Wall (mains) Power for an Olympus E-510

Learn how to build an AC/DC interface for an Olympus E-510.

Unfortunately, Olympus didn't bother to make an AC/DC adapter for the Olympus E-510 camera. This typically isn't a problem as you can just tool around with a bag full of fresh batteries. It does become an issue if you decide to use your camera for time-lapse photos and don't want to replace batteries constantly during a long time-lapse sequence. Not only is replacing batteries a hassle, but it also shifts the position of the camera and makes the finished product not as smooth.

This project assumes you have a better-than basic understanding of DC electricity and some basic wood-working skill. If you have successfully built a circuit from a kit, know how to solder and are confident that you can cut wood without amputating your or your friends fingers, you should be OK.

If you have access to a laser cutter, you can have your plywood prototype in no time! If you don't, get your hobby knife and sand paper ready! This project also shows a great way to make 3d plywood prototypes.

You will need an AC/DC converter that can supply at least .5 amps (1 amp if you plan on shooting more than a picture/second) at at least 10 volts. Most variable voltage regulators need a supply voltage at least 2 volts over the set voltage to function properly. Check the spec sheet for your regulator.

To keep your camera safe, run your DC supply through a voltage regulator to ensure that your camera only gets between 6.8 and 7.2 volts. I suggest building the one shown below and dropping it into a box as it is handy to have an adjustable voltage regulator hanging around your bench.

If you can find an LBH-1 for a reasonable price ($60 here in Norway), you can skip this instructable and simply wire up the LBH-1 as shown on the page below. I strongly encourage you to use a voltage regulator between the AC/DC wall-wart and camera. The wall-wart adapter shown in the page below will *NOT* provide a stable voltage. The selector switch simply sets an approximate range.

For more information on creating an intervalometer for shooting time lapse with an Olympus E series camera, check out this blag entry:

You may also want to look into this instructable for making a remote cable interface for your Olympus E series.

Some things to think about before you start:
This project involves hacking your potentially expensive camera. With care and attention to detail, you should be able to create a nice AC/DC adapter without damaging anything. But as all hacking goes, you could wreck your camera and release it's magic blue smoke, start a fire, fall off the side of a bottomless cliff, or make your dog implode. This worked great for me, but your mileage may vary.
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josephlck2 years ago
Great instructable!! Would love to try it for some time lapse photography :D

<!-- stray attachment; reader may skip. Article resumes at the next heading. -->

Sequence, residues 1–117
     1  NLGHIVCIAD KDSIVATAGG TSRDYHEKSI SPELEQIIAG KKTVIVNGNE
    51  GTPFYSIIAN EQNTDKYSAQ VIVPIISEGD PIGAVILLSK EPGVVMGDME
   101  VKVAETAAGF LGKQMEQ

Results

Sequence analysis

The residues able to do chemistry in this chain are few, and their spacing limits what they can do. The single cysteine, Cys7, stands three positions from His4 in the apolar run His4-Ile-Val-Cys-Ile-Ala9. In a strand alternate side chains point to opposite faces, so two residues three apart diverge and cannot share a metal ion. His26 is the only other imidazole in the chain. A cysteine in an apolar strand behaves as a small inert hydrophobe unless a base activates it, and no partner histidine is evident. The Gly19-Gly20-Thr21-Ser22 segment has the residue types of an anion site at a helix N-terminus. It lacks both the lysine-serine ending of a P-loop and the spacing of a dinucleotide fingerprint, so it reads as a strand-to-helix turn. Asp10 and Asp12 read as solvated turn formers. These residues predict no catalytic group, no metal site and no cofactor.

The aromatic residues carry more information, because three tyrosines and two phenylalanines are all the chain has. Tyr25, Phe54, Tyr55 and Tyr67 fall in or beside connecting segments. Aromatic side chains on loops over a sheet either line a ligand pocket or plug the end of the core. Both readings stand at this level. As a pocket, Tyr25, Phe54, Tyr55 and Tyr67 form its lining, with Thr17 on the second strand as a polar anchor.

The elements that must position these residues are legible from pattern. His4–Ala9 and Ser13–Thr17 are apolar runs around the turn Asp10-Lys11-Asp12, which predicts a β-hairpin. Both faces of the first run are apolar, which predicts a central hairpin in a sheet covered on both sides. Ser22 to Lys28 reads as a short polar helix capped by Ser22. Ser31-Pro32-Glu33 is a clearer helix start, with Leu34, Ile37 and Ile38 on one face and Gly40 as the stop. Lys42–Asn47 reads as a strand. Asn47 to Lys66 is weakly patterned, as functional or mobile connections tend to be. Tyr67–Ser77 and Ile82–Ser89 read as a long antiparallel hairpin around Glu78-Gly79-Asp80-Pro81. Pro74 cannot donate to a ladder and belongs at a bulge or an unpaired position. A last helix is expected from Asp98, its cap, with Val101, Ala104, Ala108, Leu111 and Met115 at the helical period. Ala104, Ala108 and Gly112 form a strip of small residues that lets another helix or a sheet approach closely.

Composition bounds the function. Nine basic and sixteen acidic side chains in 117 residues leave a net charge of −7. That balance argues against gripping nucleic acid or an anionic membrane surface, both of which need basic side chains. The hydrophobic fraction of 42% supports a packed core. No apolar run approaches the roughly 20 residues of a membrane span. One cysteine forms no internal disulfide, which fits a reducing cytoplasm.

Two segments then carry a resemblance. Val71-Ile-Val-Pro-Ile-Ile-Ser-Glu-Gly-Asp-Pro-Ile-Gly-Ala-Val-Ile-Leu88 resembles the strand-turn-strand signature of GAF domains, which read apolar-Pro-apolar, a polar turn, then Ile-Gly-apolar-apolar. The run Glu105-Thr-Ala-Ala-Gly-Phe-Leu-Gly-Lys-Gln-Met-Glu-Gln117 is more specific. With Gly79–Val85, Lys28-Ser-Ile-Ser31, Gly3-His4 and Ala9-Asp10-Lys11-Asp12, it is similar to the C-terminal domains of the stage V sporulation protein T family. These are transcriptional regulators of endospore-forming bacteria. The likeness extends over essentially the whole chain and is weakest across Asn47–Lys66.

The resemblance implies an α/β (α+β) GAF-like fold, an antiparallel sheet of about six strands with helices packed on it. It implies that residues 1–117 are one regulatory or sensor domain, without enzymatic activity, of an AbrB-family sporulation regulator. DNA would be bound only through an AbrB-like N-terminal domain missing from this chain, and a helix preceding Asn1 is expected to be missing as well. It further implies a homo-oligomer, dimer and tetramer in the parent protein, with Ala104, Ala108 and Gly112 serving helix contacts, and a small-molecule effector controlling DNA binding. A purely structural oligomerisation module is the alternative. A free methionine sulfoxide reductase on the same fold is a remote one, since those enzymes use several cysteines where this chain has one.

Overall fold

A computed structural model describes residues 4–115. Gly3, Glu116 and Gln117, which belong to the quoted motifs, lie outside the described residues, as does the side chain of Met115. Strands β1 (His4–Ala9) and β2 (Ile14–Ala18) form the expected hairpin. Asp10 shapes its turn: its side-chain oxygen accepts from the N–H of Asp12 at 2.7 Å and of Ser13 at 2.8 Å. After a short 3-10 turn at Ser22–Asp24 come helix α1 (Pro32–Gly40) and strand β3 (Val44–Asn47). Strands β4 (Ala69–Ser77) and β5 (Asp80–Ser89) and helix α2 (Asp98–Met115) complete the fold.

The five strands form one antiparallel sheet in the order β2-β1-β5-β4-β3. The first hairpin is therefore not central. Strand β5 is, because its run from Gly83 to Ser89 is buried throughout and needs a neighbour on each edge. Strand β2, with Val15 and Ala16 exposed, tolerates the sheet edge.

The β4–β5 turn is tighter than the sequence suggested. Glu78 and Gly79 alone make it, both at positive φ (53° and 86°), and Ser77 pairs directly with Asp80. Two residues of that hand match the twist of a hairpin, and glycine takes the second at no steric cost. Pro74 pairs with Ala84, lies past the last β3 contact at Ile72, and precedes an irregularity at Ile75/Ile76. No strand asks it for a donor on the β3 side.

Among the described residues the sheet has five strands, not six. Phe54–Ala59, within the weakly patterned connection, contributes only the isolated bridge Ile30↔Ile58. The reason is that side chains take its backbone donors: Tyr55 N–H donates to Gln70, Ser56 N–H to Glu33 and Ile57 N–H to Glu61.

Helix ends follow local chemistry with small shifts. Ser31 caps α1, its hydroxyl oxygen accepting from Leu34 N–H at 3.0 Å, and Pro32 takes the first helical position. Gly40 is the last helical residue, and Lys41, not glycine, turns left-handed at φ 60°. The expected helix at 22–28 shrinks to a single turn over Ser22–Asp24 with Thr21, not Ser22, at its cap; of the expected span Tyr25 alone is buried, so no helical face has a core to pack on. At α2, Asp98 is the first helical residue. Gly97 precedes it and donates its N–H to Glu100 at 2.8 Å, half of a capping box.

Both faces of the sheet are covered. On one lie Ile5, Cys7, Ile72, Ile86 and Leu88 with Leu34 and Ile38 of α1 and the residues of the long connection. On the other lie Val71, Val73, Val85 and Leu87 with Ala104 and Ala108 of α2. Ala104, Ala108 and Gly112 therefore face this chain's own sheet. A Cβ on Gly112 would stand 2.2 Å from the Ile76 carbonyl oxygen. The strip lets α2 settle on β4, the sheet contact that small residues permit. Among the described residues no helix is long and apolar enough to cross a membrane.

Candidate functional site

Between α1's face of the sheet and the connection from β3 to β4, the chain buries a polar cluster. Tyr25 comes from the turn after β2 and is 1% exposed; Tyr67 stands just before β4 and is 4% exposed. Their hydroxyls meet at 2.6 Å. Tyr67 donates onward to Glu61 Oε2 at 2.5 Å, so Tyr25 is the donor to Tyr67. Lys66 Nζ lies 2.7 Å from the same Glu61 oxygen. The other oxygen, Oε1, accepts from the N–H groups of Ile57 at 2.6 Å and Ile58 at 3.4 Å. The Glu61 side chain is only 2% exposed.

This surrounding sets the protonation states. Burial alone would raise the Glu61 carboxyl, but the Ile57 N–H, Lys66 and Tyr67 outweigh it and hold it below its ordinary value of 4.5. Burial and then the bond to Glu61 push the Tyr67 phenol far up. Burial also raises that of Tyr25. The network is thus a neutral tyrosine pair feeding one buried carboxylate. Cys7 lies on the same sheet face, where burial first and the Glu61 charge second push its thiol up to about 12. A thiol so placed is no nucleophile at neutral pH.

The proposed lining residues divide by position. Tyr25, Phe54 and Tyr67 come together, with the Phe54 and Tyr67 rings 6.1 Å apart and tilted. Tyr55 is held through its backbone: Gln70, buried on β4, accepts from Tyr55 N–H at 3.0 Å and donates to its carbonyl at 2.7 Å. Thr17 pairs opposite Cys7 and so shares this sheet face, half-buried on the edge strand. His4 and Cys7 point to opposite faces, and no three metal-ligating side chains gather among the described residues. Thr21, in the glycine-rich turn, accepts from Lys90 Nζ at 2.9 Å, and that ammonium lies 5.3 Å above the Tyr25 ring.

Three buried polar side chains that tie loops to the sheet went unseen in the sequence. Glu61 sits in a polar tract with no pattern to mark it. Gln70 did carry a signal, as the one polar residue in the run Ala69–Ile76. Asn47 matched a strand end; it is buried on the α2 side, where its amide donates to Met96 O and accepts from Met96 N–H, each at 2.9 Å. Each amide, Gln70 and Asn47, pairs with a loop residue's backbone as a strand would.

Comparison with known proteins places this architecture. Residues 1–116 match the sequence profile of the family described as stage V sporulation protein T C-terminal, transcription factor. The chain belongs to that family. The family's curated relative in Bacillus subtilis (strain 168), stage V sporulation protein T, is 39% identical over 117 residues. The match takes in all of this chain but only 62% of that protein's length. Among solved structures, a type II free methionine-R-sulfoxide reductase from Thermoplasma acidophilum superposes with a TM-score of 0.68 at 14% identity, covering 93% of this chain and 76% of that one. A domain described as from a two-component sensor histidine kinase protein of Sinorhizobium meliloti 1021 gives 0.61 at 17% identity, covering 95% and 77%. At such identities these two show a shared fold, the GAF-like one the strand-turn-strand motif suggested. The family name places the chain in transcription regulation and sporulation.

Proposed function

Do you reckon it will work with this?
txoof (author)  josephlck2 years ago
I don't see any reason it wouldn't work. It looks like it should be absolutely perfect, though I would definitely run it through a voltage regulator just to be on the safe side.
Phil B2 years ago
The power (current) demand of cameras is different from one model to another. Yours may allow you to get by at 0.5 to 1 amp., but the factory AC adapter for my Kodak z710 is rated at 3 amps. My camera also has a 2.1mm female power receptacle on the side of the camera, so I do not need a molded wooden battery dummy. But, I do need a higher current power adapter to supply the camera and made my own. You can see it here.
Hi_ new member here!

I agree with 'evilution, but with an even BETTER suggestion_ I think.

Do as 'evilution' suggest, but for the power supply, just spend about 8-15 bucks at Radio Shack for an AC-DC regulated supply for the amp/volt you need. Be sure not to reverse the polarity at the plug.
txoof (author)  micheljgaudet2 years ago
Unfortunately, the power supplies at Radio Shack are typically for a voltage range, not an actual regulated voltage. The ones I've tested turn out a voltage similar to that which is set by the switch, but vary wildly under load. If you set the switch to 9v and expect a consistant and stable 9v from it, you're going to quite sad with the results. The supplies I tested ranged between +/- 3V (mostly over) from what was actually set depending on the load.
The only way I was confident in the voltage was when I used the voltage regulator shown above.
lesizz2 years ago
On the power supply I would add a zener diode at the output to protect the camera from damage from over-voltage in case the regulator should fail. Select a diode with a voltage rating 10% higher than the operating voltage, and connect the cathode of the diode denoted by a black band to the positive output of the supply.
This same advice can apply to any project that uses a DC power supply.
Notags2 years ago
Lifehacker picked this up too:
evilution2 years ago
Nice idea but a lot of work considering how cheap a replacement battery would be. (£5 on eBay). Gut the battery, solder to the terminals, fill it up with potting compound to hold everything including the jack socket in place. Glue the lid back on. Job done.
omnibot2 years ago

You got hackaday'ed. Congrats!